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Lettuce (Lactuca sativa) is one of the most popular and widely consumed vegetables, today and historically. The Mesopotamians, Greeks, Persians, Romans, Egyptians, and Chinese considered lettuce a leafy delicacy and grew seeds for oil.

Columbus brought lettuce and seeds on his voyage to the New World, as did most European explorers in their colonization efforts. In the United States, per capita consumption is more than 25 pounds annually.

Derived from wild, stemmy varieties, lettuce was cultivated over the centuries into firmer heads with more leaves. Cultivation and breeding over the years has perfected leaf shape, flavor, and resistance to disease and bolting. Newer hybrids are bred to resist brown blight and mildew.

Iceberg lettuce, also called roundhead or crisphead, got its name in the early 1900s as it was shipped in ice-filled containers. Romaine is so named because of its popularity in early Rome. Mesclun is not a variety itself, but a mix of baby lettuce and leafy greens such as radicchio, arugula, and others.

Seasonal Availability Chart

Types & Varieties
Lettuce comes in four main varieties: leaf lettuce, including red and green varieties, where the thinner leaves and loose heads can range in taste from delicate to slightly bitter; butter lettuce including both Bibb and Boston, which is a sweeter variety when grown in cooler weather; romaine or cos, popular in Caesar salads, has dark leaves and firm, crunchy leaf ribs; and crisphead or iceberg, which has tightly packed leaves with a higher water content.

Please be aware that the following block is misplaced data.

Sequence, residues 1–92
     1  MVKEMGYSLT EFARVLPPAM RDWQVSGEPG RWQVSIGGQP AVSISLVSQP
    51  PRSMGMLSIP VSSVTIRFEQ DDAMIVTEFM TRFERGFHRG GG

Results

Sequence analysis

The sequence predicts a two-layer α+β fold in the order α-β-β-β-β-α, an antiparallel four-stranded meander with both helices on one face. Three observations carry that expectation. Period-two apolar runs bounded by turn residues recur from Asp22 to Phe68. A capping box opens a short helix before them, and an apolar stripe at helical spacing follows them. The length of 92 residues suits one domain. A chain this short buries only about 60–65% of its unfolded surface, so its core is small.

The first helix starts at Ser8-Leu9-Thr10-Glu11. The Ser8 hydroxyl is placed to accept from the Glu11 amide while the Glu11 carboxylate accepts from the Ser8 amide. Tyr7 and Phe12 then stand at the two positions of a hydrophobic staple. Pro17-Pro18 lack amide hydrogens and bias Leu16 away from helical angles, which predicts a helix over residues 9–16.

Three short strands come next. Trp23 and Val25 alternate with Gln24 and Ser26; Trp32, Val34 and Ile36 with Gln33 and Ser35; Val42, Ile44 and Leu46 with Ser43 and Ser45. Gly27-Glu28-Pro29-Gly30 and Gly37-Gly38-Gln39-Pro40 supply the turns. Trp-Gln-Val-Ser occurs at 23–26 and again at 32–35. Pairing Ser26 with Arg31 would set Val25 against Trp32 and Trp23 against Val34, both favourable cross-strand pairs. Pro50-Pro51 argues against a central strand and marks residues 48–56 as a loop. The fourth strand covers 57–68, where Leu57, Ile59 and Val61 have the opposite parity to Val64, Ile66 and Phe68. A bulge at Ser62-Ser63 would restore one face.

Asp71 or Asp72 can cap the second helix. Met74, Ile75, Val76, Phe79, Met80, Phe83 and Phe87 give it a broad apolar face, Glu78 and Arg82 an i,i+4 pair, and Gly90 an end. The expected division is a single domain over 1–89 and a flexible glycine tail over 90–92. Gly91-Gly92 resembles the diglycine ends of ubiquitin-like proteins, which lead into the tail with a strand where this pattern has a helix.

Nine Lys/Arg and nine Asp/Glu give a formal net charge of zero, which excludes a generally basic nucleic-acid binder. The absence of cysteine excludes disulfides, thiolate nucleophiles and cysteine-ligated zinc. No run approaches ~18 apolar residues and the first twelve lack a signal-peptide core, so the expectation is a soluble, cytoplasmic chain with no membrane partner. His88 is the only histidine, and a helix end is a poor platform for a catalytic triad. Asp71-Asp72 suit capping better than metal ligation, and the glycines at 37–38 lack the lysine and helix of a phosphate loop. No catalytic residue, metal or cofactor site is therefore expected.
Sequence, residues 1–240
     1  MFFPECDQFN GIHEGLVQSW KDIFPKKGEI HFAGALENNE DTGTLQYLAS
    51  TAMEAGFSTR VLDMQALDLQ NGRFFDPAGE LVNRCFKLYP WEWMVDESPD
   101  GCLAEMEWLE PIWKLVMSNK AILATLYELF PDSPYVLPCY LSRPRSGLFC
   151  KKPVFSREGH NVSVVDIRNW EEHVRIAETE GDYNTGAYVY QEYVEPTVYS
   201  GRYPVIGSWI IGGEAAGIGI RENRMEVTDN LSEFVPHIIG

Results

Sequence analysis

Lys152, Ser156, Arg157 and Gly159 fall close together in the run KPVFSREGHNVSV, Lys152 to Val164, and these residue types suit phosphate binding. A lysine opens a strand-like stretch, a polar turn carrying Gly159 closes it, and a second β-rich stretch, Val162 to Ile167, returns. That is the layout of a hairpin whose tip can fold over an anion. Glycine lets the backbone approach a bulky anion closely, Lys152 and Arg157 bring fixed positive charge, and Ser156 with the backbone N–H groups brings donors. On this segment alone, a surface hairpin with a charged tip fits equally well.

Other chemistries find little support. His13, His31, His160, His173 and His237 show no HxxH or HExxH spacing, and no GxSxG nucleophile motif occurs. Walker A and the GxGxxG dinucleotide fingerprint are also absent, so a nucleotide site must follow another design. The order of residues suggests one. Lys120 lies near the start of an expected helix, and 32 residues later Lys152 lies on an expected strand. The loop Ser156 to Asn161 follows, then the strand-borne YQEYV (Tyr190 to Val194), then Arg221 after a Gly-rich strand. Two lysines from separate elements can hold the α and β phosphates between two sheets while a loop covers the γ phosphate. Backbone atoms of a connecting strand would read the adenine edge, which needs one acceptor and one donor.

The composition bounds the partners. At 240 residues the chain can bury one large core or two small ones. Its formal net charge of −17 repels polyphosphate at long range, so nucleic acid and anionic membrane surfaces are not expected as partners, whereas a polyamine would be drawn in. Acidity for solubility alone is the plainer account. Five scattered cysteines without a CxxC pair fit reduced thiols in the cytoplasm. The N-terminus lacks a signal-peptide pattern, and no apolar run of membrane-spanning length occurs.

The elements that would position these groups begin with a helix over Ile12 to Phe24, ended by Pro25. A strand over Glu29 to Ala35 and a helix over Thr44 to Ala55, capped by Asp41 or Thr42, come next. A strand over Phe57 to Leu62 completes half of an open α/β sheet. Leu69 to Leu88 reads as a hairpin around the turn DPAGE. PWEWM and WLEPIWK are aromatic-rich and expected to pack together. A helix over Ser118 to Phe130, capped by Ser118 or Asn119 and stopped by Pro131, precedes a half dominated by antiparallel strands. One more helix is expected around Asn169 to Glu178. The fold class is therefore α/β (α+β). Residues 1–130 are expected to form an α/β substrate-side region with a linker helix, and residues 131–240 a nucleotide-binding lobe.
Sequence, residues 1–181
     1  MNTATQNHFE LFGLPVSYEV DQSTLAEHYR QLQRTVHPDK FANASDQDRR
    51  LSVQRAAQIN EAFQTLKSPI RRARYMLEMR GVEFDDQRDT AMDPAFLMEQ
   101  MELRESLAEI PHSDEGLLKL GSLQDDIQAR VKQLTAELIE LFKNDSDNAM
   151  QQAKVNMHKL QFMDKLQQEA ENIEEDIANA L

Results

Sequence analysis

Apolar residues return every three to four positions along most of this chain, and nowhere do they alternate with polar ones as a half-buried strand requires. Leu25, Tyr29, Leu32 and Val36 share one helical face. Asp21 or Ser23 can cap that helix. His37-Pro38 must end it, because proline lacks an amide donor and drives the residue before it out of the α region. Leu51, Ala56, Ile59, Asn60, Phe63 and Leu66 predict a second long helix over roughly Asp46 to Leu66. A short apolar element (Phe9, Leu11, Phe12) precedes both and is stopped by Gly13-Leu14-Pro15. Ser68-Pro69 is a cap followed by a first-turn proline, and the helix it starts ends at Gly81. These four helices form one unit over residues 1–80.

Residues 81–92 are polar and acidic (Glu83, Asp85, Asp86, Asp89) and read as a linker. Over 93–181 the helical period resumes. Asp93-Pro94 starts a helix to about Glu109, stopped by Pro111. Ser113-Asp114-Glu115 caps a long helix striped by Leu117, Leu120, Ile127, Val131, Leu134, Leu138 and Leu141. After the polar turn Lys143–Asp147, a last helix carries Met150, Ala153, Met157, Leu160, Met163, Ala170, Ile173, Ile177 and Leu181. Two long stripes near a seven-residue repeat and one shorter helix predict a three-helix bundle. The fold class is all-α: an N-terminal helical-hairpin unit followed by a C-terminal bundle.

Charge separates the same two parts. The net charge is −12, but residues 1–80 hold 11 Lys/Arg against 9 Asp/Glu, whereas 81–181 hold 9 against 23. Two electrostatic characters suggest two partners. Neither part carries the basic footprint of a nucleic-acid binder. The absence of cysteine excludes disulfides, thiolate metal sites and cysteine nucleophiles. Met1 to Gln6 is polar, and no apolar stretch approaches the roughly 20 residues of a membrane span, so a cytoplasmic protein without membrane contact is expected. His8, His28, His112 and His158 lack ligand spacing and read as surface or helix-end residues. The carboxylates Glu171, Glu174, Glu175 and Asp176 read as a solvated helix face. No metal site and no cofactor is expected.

Top producers Arizona and California account for most U.S. production with New Jersey as a contributor as well. In Arizona, butter lettuce or butterhead tends to be easier to grow than iceberg.

In California, butterhead, leaf, and romaine lead the charge. Within the butterhead type, a popular variety is Margarita. Common leaf varieties include both green and red; greenleaf varieties consist of Big Star, Burgam’s Green, North Star, and Tropicana, while redhead varieties include Red Fox and Red Tide. Romaine varieties include Darkland, Green Towers, Progeny, and Sun Belt.

New Jersey’s Bibb and Boston varieties include Esmeralda, Ermosa, and Optima. Common leaf types include Black Seeded Simpson, Grand Rapids, Salad Bowl, and Two Star (all green), and red leaf varieties consist of New Redfire, Red Express, and Red Sails. Under the romaine umbrella, popular varieties include Green Forest, Green Towers, Ideal Cos, and Pyramid Cos.


Overall, lettuce is hardy, growing well in cooler temperatures and resisting frost and cold. Leaf varieties grow quickly, maturing within 50 days; some butter varieties take up to 75 days to mature and can tolerate different soil and weather conditions.

Romaine, because of its vertical growth, does well in tighter rows and can tolerate a variety of weather conditions. Iceberg, which takes up to 80 days to mature, is the least tolerant. To cultivate firm heads, cooler conditions are needed (45°F at night is ideal).

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